D I S T R I B U T E D     O P T I M I Z A T I O N     A N D    G A M E S

Home     Publications

Distributed Optimization and Games, 2018-2019

The purpose of this course is to introduce students to large scale machine learning. The focus is as much on optimization algorithms as on distributed systems.


You can freely use the slides below for your presentations, but I would like to be informed and please acknowledge the source in your presentation. Any comment is welcome. All lessons will be in Templiers room O+309 from 9.00 to 12.15.

Individual project

The individual project is an opportunity for the student to actively use the material taught in the course. The student is free to choose the goal of its project, but is invited to discuss it with the teacher. Possible goals are The mark will take into account: originality of the project, presentation quality, technical correctness, and task difficulty. Any form of plagiarism will lead to reduction of the final mark. A list of possible projects is provided below.

Submission rules

Ideas for possible projects

In random order, the list is extended during the course.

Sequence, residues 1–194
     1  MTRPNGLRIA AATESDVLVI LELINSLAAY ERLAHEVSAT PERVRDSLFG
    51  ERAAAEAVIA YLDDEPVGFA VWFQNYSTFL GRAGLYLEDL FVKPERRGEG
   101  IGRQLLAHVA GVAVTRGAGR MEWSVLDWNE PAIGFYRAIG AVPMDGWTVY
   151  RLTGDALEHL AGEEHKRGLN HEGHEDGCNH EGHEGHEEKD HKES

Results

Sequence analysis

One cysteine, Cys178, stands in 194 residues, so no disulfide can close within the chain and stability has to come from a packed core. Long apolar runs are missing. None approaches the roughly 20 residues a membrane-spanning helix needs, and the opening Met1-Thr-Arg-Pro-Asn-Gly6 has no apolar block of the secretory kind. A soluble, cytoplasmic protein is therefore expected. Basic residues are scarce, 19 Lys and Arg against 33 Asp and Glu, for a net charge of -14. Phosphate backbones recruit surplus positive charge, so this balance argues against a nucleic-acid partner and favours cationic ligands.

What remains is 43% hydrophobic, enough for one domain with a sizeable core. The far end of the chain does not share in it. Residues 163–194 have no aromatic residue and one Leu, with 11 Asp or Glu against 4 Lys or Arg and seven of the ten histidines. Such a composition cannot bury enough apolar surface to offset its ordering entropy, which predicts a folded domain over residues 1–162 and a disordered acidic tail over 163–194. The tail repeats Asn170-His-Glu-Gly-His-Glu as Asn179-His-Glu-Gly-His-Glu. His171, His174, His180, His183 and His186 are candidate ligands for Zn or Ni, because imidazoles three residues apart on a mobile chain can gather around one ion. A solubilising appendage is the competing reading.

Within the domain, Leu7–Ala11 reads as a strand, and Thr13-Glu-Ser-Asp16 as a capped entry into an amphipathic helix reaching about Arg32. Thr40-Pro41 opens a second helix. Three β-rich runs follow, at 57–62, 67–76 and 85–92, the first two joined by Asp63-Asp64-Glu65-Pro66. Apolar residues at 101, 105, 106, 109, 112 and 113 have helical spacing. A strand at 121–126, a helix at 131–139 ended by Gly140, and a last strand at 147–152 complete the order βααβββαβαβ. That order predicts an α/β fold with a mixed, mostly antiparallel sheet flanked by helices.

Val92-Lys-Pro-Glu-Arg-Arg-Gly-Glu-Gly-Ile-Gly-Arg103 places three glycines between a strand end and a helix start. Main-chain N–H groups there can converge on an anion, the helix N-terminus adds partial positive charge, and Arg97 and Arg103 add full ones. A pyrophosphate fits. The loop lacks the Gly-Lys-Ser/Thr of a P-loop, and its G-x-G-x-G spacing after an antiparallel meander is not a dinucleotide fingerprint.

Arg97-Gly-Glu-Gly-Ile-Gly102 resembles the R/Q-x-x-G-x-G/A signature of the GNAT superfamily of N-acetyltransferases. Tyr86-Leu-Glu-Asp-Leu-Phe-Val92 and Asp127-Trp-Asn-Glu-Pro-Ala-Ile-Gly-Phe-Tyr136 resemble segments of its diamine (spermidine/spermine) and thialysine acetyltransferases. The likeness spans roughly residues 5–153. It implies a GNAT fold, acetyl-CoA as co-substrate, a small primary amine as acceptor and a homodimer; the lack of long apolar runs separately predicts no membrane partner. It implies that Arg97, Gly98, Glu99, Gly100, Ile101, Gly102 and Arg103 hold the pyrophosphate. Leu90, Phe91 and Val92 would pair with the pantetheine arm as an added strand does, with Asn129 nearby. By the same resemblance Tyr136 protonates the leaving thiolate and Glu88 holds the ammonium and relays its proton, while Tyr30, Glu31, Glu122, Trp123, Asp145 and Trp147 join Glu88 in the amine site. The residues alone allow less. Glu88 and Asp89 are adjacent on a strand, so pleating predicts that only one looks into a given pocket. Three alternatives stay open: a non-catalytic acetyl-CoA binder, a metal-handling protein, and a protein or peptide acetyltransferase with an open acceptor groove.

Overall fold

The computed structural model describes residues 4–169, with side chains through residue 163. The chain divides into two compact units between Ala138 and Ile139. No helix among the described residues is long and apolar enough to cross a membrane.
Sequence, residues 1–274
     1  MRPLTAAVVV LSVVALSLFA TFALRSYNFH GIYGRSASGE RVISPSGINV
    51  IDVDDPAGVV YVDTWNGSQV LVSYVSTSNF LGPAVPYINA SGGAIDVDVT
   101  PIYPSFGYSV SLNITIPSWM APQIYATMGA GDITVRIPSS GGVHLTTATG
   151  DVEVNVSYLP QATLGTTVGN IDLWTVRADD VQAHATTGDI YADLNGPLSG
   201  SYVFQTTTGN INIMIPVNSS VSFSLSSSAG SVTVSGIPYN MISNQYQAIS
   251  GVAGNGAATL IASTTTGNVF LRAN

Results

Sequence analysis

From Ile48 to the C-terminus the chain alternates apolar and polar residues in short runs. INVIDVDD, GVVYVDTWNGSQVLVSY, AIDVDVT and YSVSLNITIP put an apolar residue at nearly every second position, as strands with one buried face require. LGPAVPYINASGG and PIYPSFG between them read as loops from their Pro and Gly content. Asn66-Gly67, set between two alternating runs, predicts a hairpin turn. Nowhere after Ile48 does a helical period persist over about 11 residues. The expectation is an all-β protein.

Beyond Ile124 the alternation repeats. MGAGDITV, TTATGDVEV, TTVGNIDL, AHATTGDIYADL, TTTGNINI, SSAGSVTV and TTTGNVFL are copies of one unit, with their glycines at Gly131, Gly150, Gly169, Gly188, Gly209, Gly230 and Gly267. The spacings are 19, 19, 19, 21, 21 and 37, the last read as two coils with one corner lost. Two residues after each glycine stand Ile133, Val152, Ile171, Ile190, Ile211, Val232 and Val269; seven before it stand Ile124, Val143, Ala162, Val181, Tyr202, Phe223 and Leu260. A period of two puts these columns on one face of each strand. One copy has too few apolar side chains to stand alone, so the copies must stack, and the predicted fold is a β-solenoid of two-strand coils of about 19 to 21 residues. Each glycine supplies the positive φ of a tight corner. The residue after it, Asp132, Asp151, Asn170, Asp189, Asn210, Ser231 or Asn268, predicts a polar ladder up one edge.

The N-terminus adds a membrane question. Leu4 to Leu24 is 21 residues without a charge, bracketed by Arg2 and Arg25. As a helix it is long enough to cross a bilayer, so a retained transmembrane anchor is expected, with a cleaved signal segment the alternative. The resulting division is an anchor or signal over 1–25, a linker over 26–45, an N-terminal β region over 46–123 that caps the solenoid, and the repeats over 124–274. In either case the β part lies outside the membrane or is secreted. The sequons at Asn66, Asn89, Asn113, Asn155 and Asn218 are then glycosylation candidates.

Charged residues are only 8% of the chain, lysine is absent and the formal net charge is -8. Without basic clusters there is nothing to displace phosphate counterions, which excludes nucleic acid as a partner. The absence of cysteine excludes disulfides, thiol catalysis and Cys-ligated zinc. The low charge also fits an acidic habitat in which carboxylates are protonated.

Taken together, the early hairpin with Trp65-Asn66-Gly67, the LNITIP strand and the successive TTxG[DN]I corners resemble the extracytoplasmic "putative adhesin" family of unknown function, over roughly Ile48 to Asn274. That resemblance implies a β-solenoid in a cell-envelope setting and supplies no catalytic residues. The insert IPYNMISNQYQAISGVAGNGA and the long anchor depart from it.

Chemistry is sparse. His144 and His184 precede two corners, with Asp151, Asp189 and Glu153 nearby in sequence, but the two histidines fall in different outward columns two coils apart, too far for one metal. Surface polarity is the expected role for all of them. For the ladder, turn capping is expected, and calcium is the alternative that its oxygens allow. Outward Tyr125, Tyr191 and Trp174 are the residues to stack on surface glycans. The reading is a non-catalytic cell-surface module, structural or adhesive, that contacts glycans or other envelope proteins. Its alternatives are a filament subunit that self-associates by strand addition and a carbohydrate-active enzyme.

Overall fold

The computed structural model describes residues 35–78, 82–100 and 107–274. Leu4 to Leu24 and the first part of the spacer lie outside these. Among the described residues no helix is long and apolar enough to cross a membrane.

1. Compare stochastic gradient descent and gradient aggregation methods in different regimes of condition-number versus dataset-size. See Bottou et al, section 5.3.3.
  2. Survey and compare iterage averaging methods. See Bottou et al, section 5.4.
  3. Survey the dynamic sampling techniques described in references [28,73] of Bottou et al (section 5.2.1). Implement and test at least one of them (including the basic one described in section 5.2.1).
  4. Implement the (inexact) Newton method without inverting the Hessian, but using the conjugate gradient method. Evaluate the effect of stopping the conjugate method after i ≤ d steps, where d is the dimension of the parameter vector. See Bottou et al section 6.1 and Bubeck section 2.4.
  5. Second-order techniques for neural network training. See Bottou et al section 6.1.2 and references [12,100] as a starting point. Better avoid this project if you are not familiar with backpropagation method for neural networks.
  6. Back to the classics: understand backpropagation from the original sources. Start from [134,135] in Bottou et al.
  7. Survey, implement and test L-BFGS. See Bottou et al section 6.2 and references [97,113].
  8. Asynchronicity as a momentum: ''Asynchrony begets Momentum, with an Application to Deep Learning'' by Mitliagkas et al, arxiv.
  9. ''Deep learning with Elastic Averaging SGD'' by Zhang et al, arxiv.


Last modified: January 29, 2019